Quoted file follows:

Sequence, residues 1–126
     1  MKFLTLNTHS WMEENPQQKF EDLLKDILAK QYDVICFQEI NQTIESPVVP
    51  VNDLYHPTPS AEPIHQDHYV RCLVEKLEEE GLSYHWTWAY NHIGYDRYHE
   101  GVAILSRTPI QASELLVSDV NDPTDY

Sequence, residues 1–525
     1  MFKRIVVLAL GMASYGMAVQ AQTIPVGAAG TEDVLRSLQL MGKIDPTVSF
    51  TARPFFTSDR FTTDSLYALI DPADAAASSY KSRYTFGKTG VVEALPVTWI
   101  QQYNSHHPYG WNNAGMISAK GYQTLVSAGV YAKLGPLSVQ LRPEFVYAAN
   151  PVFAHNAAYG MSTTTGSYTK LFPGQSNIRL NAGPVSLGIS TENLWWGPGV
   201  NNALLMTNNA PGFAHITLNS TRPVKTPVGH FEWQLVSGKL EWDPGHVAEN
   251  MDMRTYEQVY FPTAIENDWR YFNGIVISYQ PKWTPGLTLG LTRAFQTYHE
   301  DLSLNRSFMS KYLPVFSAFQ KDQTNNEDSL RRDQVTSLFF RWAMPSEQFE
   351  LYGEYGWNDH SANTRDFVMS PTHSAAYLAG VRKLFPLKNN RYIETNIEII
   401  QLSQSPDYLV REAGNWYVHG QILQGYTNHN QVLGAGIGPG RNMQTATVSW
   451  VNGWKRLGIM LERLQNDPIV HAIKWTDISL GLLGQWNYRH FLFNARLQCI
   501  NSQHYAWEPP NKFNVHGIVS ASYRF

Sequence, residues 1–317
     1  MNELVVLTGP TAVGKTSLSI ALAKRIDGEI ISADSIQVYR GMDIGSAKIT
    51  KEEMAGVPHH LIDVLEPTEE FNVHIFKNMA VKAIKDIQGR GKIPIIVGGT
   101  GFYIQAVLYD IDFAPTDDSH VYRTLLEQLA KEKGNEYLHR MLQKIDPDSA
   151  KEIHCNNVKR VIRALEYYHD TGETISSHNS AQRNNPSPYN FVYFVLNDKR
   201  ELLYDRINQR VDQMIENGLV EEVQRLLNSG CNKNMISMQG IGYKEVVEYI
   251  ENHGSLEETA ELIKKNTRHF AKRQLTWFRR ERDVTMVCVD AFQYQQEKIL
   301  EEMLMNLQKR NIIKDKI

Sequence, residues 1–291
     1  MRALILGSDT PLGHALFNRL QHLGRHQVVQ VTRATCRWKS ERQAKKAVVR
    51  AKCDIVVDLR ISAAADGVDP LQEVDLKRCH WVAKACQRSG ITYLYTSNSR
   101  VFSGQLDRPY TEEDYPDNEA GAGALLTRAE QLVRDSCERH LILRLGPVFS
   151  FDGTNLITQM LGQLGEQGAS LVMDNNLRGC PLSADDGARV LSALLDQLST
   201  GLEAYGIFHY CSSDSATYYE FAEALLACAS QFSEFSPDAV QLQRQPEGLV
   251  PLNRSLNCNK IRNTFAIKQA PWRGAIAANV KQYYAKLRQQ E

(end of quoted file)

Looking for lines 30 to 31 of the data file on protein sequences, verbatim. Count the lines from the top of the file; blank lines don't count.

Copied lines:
   201  GLEAYGIFHY CSSDSATYYE FAEALLACAS QFSEFSPDAV QLQRQPEGLV
   251  PLNRSLNCNK IRNTFAIKQA PWRGAIAANV KQYYAKLRQQ E